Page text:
[Note: I started writing this up, and then got busy. It's still probably too long-winded for many people to actually read it, but I thought the EV calculations in the middle were pretty enlightening. Cliff's notes: bet more]
Quote: When you flop a monster the first thing you should do is look at stack sizes and figure out what size bets on each street gets everything in the middle.
I've thought about this before, and I think about it sometimes during the hands, but not enough. I wrote this up on the fly, and hadn't really thought so explicitly about this stuff before, so please give me some feedback. The basic idea is that, when we flop a monster, we want to think about lines that will get as much of our stack in the middle as possible. Ideally, if there's money left to bet on the river, we want the pot to be bigger than our stack. The bigger the pot is, the easier it is for the villain to make a crying call.
Let's think about two standard lines:
One villain, normal stacks, hero raises in position pre-flop I play a lot of hands that are effectively like this.
To make the numbers easy, let's say it's $100NL, 6-max and this happens:
One bet per street, hero flops the nuts and wants to get all the money in. The two hands that made me think about this were hands where Hero had Ace-rag suited and flopped the nut flush. What are the lines? If there's only one bet per street, I think the standard 2+2 lines are pot-it-all-the-way-baby and 3/4-on-the-flop-2/3-on-the-turn.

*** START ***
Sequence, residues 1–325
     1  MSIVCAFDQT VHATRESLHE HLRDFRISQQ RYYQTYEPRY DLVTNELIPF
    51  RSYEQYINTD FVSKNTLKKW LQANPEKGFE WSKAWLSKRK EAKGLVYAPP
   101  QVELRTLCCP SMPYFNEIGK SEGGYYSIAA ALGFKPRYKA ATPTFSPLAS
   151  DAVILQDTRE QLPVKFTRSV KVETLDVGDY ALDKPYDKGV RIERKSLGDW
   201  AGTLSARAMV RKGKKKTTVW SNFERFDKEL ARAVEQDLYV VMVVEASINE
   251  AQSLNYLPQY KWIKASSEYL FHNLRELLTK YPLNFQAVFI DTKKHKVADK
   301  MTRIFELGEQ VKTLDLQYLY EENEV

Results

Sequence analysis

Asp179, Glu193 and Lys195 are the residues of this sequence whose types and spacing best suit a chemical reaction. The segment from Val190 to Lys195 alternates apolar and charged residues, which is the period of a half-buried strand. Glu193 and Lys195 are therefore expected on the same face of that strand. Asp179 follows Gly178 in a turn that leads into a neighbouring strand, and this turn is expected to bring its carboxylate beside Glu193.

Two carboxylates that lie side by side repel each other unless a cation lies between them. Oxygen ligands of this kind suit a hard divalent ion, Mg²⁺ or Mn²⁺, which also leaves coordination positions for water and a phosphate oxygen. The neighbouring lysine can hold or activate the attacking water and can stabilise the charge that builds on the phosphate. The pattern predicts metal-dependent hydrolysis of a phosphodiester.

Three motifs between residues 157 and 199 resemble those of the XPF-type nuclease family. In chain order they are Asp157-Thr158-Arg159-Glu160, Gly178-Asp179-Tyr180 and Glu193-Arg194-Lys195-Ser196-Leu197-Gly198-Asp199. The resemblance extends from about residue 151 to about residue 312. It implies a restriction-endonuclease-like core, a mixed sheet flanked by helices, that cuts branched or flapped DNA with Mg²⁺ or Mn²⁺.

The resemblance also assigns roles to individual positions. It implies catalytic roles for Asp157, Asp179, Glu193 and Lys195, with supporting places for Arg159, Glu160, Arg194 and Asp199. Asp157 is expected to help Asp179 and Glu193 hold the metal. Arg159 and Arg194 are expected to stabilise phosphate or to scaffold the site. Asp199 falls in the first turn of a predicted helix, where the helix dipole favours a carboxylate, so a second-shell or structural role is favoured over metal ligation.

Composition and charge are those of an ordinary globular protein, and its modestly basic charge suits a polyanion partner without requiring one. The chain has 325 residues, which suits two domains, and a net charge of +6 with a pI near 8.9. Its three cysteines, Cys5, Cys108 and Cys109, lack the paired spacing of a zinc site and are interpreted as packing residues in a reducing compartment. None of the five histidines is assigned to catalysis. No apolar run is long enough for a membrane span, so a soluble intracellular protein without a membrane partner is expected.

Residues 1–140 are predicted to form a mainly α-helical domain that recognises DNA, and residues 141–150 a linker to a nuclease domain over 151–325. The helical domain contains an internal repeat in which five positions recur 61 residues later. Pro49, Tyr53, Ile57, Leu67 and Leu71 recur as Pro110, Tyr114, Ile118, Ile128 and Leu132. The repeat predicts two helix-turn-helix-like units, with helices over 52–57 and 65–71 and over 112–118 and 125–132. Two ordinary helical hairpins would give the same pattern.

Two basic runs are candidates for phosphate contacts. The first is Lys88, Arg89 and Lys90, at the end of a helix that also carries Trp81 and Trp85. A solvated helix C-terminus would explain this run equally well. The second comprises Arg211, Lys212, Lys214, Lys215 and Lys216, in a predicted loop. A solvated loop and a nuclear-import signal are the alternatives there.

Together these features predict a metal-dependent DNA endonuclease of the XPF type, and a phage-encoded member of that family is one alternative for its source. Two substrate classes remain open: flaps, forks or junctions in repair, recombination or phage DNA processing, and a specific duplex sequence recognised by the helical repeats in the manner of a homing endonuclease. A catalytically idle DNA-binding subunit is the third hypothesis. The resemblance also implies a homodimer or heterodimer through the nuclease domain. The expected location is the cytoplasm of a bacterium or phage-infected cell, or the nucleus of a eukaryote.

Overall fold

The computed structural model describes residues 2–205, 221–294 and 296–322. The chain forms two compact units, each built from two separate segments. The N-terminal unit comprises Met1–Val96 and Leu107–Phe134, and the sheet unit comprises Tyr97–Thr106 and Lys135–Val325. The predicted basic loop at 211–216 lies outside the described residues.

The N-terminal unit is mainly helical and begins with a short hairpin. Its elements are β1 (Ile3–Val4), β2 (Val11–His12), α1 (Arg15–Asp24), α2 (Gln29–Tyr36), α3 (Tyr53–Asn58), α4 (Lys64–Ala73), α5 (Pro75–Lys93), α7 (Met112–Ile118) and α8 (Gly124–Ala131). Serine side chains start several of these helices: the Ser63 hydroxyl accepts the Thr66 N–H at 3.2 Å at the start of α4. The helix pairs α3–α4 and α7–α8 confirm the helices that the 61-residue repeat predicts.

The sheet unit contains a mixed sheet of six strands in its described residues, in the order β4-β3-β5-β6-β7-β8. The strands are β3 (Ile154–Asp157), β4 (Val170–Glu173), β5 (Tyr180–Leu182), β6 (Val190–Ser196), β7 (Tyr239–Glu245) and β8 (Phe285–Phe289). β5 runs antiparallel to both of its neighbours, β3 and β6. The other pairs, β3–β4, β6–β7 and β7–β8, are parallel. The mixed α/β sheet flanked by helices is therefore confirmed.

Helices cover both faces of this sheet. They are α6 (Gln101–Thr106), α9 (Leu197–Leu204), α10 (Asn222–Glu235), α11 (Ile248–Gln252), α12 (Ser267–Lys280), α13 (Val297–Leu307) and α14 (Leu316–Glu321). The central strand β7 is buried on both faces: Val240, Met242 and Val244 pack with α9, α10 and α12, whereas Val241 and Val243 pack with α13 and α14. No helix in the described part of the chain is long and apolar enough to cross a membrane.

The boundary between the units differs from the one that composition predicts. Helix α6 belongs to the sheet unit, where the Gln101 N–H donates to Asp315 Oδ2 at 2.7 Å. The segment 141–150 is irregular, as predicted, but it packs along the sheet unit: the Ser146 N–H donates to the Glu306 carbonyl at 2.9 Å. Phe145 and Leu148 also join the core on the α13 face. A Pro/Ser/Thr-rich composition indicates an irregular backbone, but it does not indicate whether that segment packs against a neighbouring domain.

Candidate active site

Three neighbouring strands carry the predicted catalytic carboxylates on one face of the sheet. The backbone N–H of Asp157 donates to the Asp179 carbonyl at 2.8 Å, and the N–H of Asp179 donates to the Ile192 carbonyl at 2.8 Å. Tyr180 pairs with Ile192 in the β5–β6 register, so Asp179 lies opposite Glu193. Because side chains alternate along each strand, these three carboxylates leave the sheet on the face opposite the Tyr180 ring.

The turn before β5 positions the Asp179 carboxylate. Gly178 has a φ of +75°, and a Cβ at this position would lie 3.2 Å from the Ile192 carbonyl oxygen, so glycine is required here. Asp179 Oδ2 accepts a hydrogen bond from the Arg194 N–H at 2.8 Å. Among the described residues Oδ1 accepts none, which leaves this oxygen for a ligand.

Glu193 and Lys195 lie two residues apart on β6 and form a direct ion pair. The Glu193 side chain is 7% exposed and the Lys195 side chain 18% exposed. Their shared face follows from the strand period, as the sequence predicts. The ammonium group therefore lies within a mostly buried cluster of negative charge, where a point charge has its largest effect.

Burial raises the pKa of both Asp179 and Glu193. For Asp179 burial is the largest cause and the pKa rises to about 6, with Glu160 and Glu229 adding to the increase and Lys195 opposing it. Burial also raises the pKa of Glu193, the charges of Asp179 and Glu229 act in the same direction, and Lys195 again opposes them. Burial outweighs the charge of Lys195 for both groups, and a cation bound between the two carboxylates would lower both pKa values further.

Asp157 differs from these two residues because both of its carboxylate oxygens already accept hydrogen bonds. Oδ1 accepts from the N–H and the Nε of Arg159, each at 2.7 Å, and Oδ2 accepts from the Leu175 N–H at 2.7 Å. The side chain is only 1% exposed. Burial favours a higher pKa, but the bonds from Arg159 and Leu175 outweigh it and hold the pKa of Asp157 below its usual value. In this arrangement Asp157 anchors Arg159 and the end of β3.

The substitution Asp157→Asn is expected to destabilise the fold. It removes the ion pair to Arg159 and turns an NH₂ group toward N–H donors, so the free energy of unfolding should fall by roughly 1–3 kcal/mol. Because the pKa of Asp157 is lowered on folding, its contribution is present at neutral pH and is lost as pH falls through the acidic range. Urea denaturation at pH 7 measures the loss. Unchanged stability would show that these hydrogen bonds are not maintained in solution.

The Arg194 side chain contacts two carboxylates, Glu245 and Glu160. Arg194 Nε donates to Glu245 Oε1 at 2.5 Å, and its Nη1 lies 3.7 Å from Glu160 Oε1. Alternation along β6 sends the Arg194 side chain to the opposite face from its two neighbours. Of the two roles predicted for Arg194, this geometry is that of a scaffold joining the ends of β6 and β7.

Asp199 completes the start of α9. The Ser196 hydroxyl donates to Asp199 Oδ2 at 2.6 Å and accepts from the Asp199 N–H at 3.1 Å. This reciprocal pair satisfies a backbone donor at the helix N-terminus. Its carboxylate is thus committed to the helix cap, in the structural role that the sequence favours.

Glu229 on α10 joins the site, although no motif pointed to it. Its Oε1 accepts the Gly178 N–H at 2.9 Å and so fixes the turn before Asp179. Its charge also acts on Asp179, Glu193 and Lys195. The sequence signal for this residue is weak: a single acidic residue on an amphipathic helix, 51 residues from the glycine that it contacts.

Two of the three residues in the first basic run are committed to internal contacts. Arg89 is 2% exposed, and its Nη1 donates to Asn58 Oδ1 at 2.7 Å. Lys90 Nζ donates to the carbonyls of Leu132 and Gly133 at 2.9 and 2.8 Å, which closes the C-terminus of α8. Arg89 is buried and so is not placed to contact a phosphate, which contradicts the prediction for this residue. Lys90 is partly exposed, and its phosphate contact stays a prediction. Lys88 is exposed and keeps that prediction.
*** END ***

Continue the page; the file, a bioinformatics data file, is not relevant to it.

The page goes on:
pot-pot gives us $30 in the pot and $85 in our stack on the turn and $90 in the pot, $55 in our stack when we see the river, and we're asking villain to put in a little more than 1/2-pot on the river.
3/4-pot, 2/3-pot has us betting $7.50 on the flop, seeing the turn with $25 in the pot and $87.50 in our stacks, betting $17 on the turn and ending up at the river with $70 in our stack and $60 in the pot.
How much are they worth So, there's a *huge* difference between those two lines. Let's say, for instance, that villain has donk-certified calling hand against you, like TPTK. He'll probably call reasonable-sized bets, but be less likely to call an overbet. Let's see how he stacks up (ha!!!) against the two lines.
Against the 3/4,2/3 line, let's say he'll always call the flop, call the turn 80% of the time, but only call the river overbet 50% of the time. We'll analyze things from the flop on. Then, our EV is
1.0*(10 + 7.5) + 0.8*(17 + 0.5*(70)) = $59.
For the pot-pot line, let's say he'll always call the flop. Similarly, he'll always call the river if he gets there because there's so much money in the pot. What's our EV if he'll fold the turn more often, though? Let's say he folds the turn a lot, like 50% of the time. Then our EV is
1.0*(10 + 10) + 0.5*(30 + 55) = $62.5.
It turns out that he only has to call 46% of the time on the turn for the lines to have the same EV. What if he's a more typical calling-station kind of guy and calls more like 70% of the time on the turn? Then our EV is $80. That's 1/3 more money than we were making with the smaller bets. Intuitively, you can see that the villain will have to be a *lot* more likely to fold to the pot-pot line before we start using the 3/4,2/3 line. In practice, this means that I'm much more likely to go pot-pot on scary boards, either because I have the scary hand, or because I don't want villains drawing to it.